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To Die for Artichokes Served Best in a Dark Alley

Main Ingredients:
Service technician

Spice Pack:
1/3 whisper of tenderness
1/8 dash of jubilation


An indescribable shade of pea green, this lentil secretes a wondrously odiferous sonnet in homage to its origins deep within the darkened alleyways of the Gowanus Canal where it still matures in late winter. Never able to satisfy the quantities and pace of growth necessary for a truly successful commercial production, the lentils are instead left to ripen according to their own needs, unlike the force-grown breeds frequently relied upon by the newer Wall Street farms. No, the Canal methods of lentil feeding are more gentle and humane, and the resulting tang in the thinly veiled legume shell is more than adequate. One is not wrong to regard the other varieties as something akin to a doppelgänger, forever dedicated to the imminent destruction of this superior strain.

Over time, understandably, the subtle allure of the canal has had more than a friendly influence on its traditional textures. Served against any artichoke heart, its beat immediately apparent in the strange fusion of some of the more gregarious side dishes, the lentil here presents a richness that is not so much culturally different than simply open-minded.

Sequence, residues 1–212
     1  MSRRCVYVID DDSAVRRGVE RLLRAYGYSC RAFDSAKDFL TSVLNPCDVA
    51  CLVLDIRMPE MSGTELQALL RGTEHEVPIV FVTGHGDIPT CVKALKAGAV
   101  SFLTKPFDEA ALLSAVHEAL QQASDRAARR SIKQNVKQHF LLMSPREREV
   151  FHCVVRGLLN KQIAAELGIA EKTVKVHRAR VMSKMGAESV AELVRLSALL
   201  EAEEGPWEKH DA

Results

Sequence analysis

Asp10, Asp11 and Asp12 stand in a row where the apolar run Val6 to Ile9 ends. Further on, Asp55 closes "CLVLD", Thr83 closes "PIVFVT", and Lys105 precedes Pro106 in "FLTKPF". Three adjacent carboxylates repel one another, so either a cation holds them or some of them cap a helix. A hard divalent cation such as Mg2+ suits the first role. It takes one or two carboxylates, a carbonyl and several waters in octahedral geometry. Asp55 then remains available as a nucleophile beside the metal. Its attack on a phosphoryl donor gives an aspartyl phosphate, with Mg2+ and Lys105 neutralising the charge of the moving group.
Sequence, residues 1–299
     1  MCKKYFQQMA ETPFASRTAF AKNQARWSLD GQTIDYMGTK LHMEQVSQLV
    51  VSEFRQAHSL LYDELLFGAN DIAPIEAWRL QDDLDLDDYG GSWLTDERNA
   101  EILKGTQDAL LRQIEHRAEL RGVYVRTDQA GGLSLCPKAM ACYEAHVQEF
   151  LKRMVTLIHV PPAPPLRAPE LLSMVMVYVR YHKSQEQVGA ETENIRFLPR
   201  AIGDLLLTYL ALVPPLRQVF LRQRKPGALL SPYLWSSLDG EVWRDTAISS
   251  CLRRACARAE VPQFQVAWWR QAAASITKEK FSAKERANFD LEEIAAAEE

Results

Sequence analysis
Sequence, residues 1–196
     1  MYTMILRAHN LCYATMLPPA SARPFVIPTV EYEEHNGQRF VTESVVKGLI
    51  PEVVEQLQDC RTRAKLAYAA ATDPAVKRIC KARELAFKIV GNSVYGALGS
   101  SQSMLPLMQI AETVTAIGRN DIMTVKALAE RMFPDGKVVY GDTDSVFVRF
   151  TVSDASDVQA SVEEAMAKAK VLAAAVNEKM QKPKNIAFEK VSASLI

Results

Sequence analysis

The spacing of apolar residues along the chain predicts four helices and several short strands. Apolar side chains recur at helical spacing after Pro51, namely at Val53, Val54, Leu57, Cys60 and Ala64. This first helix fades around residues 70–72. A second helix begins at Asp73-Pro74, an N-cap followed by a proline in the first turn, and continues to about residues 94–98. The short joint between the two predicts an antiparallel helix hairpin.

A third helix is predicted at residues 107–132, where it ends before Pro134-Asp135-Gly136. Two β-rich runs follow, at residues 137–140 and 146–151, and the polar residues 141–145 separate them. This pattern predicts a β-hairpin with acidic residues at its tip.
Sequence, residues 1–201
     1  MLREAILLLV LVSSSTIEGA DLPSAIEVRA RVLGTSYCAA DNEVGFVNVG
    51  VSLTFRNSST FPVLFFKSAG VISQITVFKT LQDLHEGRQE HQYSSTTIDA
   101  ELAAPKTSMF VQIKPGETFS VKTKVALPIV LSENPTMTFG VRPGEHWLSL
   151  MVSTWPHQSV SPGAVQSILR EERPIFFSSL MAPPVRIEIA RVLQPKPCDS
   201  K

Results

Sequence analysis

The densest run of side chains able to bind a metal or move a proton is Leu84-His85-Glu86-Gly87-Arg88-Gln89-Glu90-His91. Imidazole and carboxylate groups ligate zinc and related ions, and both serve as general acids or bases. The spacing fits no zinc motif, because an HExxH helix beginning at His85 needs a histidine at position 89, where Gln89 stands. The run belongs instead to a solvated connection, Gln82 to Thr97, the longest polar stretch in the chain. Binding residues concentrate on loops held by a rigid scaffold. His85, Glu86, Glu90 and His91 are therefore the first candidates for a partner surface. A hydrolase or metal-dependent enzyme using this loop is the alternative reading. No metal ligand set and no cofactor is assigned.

The Gowanus area is long known for its masterful service technicians, each one a veritable city leader in electromagnetic oscillation. They place a high importance on the impeccable quality of their ready-to-go lunch packets.
Peel the lentil and place in a Dutch oven. Add artichoke hearts and cook reflectively until seams are clear and soft. Stir intermittently. Gradually sprinkle remains, then puree bit by bit. Serve topped with minced variety.
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